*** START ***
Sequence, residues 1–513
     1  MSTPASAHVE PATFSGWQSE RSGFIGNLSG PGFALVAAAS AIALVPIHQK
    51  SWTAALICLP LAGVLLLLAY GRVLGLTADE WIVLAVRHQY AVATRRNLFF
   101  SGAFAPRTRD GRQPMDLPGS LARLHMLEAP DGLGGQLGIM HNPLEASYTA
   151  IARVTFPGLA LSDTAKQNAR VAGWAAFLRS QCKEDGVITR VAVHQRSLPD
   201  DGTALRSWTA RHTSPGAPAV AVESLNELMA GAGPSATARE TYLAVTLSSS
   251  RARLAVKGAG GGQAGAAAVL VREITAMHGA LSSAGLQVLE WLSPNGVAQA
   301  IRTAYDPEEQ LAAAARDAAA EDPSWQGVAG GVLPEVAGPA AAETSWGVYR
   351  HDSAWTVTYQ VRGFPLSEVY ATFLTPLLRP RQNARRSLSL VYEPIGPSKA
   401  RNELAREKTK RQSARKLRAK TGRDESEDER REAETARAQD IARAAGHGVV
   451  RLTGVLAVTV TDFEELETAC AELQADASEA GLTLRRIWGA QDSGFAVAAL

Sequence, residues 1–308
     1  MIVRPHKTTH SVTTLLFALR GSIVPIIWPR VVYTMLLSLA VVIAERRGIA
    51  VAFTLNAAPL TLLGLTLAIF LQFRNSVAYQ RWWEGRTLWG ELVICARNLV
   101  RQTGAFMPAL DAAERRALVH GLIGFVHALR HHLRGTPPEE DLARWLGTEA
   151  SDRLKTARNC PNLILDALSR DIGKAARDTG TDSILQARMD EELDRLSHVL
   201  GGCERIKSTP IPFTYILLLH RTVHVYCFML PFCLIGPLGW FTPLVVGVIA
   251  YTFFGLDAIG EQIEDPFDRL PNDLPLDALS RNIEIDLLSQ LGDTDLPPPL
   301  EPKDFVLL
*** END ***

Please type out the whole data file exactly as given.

Sequence, residues 1–513
     1  MSTPASAHVE PATFSGWQSE RSGFIGNLSG PGFALVAAAS AIALVPIHQK
    51  SWTAALICLP LAGVLLLLAY GRVLGLTADE WIVLAVRHQY AVATRRNLFF
   101  SGAFAPRTRD GRQPMDLPGS LARLHMLEAP DGLGGQLGIM HNPLEASYTA
   151  IARVTFPGLA LSDTAKQNAR VAGWAAFLRS QCKEDGVITR VAVHQRSLPD
   201  DGTALRSWTA RHTSPGAPAV AVESLNELMA GAGPSATARE TYLAVTLSSS
   251  RARLAVKGAG GGQAGAAAVL VREITAMHGA LSSAGLQVLE WLSPNGVAQA
   301  IRTAYDPEEQ LAAAARDAAA EDPSWQGVAG GVLPEVAGPA AAETSWGVYR
   351  HDSAWTVTYQ VRGFPLSEVY ATFLTPLLRP RQNARRSLSL VYEPIGPSKA
   401  RNELAREKTK RQSARKLRAK TGRDESEDER REAETARAQD IARAAGHGVV
   451  RLTGVLAVTV TDFEELETAC AELQADASEA GLTLRRIWGA QDSGFAVAAL

Sequence, residues 1–308
     1  MIVRPHKTTH SVTTLLFALR GSIVPIIWPR VVYTMLLSLA VVIAERRGIA
    51  VAFTLNAAPL TLLGLTLAIF LQFRNSVAYQ RWWEGRTLWG ELVICARNLV
   101  RQTGAFMPAL DAAERRALVH GLIGFVHALR HHLRGTPPEE DLARWLGTEA
   151  SDRLKTARNC PNLILDALSR DIGKAARDTG TDSILQARMD EELDRLSHVL
   201  GGCERIKSTP IPFTYILLLH RTVHVYCFML PFCLIGPLGW FTPLVVGVIA
   251  YTFFGLDAIG EQIEDPFDRL PNDLPLDALS RNIEIDLLSQ LGDTDLPPPL
   301  EPKDFVLL